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Discussion Starter · #1 ·
I was able to test ride the new Blast LT last week. I've spend almost all my time on an 06 Tundra that has been gradually modded over the years so will use that as a comparison. I spent about 45 minutes on it but the test area was limited to the ditch running along the road by the dealer. I did get off the track into the snow, but it wasn't deep and there was little in the way of hills.

The sled is set up pretty well. Gauge shows water and exhaust temp, fuel, and speed. The rep said it will alarm if overheated and will take corrective action to lower engine temps.
The only controls on the bars is throttle and kill switch. The reverse, grip heater, and headlight switches are on the dash. The one position heated grips were very hot and the rep said that should be taken care of before the production run.
It does have a pull start along with electric.
The side panels come off easily and it seems like there is decent access. We didn't take the hood off, but I believe it is one screw and a couple of levers.
The battery isn't buried to bad and is set low along with the engine which should keep the center of gravity lower.
The rep also said that the clutch is self-adjusting to keep the belt up high on the secondary.
There is about the same amount of suspension adjustment as on the Tundra. Mainly the rear torsion spring. The rep is hoping for stepped adjustment on the front but isn't sure that will happen.
The track is a 146x15x1.6 with a lockable articulating skid. There isn't room for a 16" wide track but there is room for at least 2" paddles.
The skis are the same as on the ZR which is the trail version of the sled.
 

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Discussion Starter · #2 ·
On the sled
The rider position is good sitting and standing (I'm 5'8" and 155 lbs). The sled does not feel small to me. With the wider 37.5"-38.5" ski stance (tested in 38.5) it doesn't come up on one ski as easily as the tundra. You can tell there is more travel. Compared to the seat on my sled, this one is nicer and more compact for maneuvering around the sled. There is an optional 2-up seat attachment. The gas tank under the seat appears to be tucked toward the front more (The Tundra feels like all the gas is over the back end when I get stuck in a climb and want to lift the back up).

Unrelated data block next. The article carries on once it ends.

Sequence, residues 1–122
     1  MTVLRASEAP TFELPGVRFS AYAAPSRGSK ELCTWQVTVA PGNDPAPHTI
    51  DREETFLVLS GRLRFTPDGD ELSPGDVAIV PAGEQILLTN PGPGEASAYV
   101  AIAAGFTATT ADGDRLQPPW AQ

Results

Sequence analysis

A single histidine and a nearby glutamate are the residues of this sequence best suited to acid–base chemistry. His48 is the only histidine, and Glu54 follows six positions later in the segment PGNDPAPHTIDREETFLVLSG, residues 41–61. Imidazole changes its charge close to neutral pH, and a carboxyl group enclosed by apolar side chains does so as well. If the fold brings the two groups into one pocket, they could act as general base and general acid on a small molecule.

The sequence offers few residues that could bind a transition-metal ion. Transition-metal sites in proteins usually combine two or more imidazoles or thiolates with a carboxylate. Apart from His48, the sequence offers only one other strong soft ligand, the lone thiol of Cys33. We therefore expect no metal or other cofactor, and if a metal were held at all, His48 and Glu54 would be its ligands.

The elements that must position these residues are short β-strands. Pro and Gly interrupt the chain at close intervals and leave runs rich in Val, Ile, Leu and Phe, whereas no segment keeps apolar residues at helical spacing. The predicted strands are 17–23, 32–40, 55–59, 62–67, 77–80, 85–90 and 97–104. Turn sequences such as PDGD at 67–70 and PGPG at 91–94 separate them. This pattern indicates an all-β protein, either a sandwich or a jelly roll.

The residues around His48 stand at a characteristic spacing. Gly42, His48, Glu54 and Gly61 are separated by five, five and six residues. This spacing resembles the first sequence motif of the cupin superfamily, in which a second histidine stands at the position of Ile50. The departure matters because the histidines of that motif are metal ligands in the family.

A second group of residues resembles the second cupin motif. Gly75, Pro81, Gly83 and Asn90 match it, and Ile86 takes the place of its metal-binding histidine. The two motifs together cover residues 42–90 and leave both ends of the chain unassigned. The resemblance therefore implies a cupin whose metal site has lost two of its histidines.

The Ride
Saying the 400 is quieter and smoother than the 277 is an understatement.
The Blast hit 45 mph (GPS) from a stop in 300'. That's in the ditch along the road. My modded sled will hit 42 mph max in a 300' run on a groomed trial with good traction. Not a real good comparison with the gearing and engine changes though.
I got it up to 50 mph before having to shut it down. Again that wasn't on a groomed trail. If I were to guess, I would say it would hit 60 on the trail. The rep said it was geared lower than the Blast ZR trail sled though the web site shows them geared the same. At any rate, it clearly has more power.
The clutching was pretty responsive though the engagement might not be smooth enough for some.
Suspension was hands down better than the stock 06-09 Tundra. Between that and the wider ski stance, a few minutes on it and I was comfortable opening it up in the slightly uneven terrain.
In the powder (such that it was), the skis pushed more than my Tundra with the 146" track and stock skis. This was with the articulating skid unlocked.
This was my first time on a sled with an articulating skid. My Tundra with the 146" track and bigger rear idlers reverses better than stock, and this was noticeably better.

My Thoughts
There was little side hilling opportunity though I was able to get enough in to come away with an impression. Obviously it is harder to get it over with the wider ski stance, but not as much as you would think. With the added power, the throttle was a little more useful getting the sled over on its side and once over, I was able to hold it pretty well. I think the throttle response (track spin) helped with this as well, making the ski stance more palatable. Spending as much time on my Tundra as I have, and doing a little riding with the mountain guys, I realized ski stance isn't the only thing effecting side hilling. My Tundra's hull almost sticks out past the skis and the wide/long running boards don't help much either when running the side of a hill. The wider ski stance of the Blast was nice other places, making the sled feel more stable. I would have like to see the ski stance somewhere between the 2 though.
I wish I would have been able to get into some deeper snow and get a good climb in to test the track and trail skis better. From what I could tell, the track seemed to have less bite then my 146x16x1.7. Some of that might have been the snow conditions and the unlocked skid.

The new 2021 Tundra sport got closer with the longer track and the 600 EFI. The running boards look nice too. However, I can't bring myself to even consider it at the new wt of 485 lbs. That's just too much wt for me to manhandle when I get er stuck in a tight spot.